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How Important Is Thread Count?
I don’t know about you, but trying to pick out new sheets for my bed can be a stressful experience due to the numbers. 100 thread count, 300, 500, 1000, 1200 and everything in-between. What does it mean for me? Usually, it means putting off buying sheets. We get into the nitty gritty in more detail over here, but the short version is: thread count has become such a popular indicator of quality that it’s no longer a very reliable one. The material used and how it’s woven have a much bigger impact on the look, feel, breathability, and durability of your sheets than thread count. Thread count numbers above about 350 tend not to matter much, but the difference between good quality cotton and polyester is night and day.
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The Right Fabric is Key
Do you sweat all night? Toss and turn? Wake up with cold hands and feet during the night? The problem might be as simple as the fabric type used to make your sheets. If you live somewhere cold, it’s probably common knowledge that you switch to thicker, warmer sheets (like flannel) in the winter months. But if you’re shopping for your summer linens by price and thread count, there’s a good chance you’ll end up with sheets that make the problem worse. Inexpensive polyester sheets are heat-retaining, which can make a hot night even more miserable; soft, t-shirt like jersey sheets are cuddly in cold weather, but also too heat-trapping for the summer. To keep cool at night, look for percale-woven cotton, linen, or even bamboo-based rayon for a lightweight, breathable feel that wicks away sweat.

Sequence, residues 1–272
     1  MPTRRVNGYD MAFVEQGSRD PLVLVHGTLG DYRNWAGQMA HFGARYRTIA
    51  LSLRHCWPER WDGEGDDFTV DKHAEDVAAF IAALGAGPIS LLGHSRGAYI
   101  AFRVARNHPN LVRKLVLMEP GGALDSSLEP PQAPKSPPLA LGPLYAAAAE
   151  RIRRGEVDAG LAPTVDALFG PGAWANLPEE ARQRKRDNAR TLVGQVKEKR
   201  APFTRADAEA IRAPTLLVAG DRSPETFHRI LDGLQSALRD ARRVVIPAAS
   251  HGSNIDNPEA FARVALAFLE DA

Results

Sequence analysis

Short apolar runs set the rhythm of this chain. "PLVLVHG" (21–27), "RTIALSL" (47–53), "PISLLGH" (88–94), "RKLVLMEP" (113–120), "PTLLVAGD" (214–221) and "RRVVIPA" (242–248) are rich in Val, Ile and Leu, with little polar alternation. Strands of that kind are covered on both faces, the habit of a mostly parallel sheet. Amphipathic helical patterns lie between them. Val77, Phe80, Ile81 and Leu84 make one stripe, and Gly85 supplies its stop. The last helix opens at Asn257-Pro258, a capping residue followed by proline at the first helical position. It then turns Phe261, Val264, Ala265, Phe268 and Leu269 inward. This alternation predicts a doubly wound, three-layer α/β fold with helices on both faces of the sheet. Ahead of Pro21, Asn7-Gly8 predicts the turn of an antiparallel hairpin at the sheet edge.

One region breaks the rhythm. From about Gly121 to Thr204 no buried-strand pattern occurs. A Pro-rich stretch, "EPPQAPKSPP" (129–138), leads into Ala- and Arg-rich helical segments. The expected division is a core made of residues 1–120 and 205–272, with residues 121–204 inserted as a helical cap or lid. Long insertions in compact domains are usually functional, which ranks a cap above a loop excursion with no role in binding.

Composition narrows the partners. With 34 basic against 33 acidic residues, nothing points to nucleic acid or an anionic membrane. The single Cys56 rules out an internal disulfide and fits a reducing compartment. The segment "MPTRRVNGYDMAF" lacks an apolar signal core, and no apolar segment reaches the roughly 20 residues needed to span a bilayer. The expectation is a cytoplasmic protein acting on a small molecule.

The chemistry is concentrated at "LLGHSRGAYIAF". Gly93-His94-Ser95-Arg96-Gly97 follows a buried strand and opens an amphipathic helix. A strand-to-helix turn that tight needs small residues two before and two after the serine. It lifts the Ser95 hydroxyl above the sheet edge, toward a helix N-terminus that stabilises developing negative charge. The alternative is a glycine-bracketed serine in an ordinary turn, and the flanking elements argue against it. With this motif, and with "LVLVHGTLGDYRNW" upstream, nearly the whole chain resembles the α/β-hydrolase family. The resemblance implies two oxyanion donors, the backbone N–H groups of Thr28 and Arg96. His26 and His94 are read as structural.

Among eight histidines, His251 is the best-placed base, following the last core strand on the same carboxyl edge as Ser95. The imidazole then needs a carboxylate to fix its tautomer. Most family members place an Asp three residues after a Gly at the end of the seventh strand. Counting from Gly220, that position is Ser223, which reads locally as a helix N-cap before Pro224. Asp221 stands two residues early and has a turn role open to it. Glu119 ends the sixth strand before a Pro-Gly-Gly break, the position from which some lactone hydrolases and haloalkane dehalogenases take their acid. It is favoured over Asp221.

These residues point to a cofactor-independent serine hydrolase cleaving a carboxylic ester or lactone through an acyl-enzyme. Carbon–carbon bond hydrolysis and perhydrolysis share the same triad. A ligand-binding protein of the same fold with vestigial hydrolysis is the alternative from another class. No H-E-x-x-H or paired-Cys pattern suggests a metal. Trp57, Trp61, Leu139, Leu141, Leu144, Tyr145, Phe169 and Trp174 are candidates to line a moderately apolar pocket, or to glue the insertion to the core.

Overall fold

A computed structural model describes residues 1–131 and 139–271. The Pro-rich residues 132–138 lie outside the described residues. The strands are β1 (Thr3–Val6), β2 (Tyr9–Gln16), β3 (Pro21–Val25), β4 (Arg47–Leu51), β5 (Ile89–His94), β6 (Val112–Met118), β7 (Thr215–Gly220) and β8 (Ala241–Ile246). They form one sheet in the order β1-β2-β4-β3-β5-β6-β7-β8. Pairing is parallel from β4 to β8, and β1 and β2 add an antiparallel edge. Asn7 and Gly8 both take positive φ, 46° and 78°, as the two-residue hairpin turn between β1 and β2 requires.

Protection For Your Pillow and You
If you don’t know what your pillow case is made of, it’s likely cotton. Why? Because it comes standard with most sheet sets. They have the same pros and cons as cotton sheets. However, other options carry some surprises than the standard-issued case and are worth looking into. Polyester is worse as pillow cases than as sheets. They look their price tag (cheap) from a distance and can irritate your face if you have a plastic allergy. If you really want to do your hair and face a favor, opt for the more expensive silk. They’re breathable for the summer, don’t wrinkle, and can even prevent hair damage that causes frizzing during the day. Satin is close to silk in feel, and at a cheaper price, but is also plastic and can age poorly with regular washes.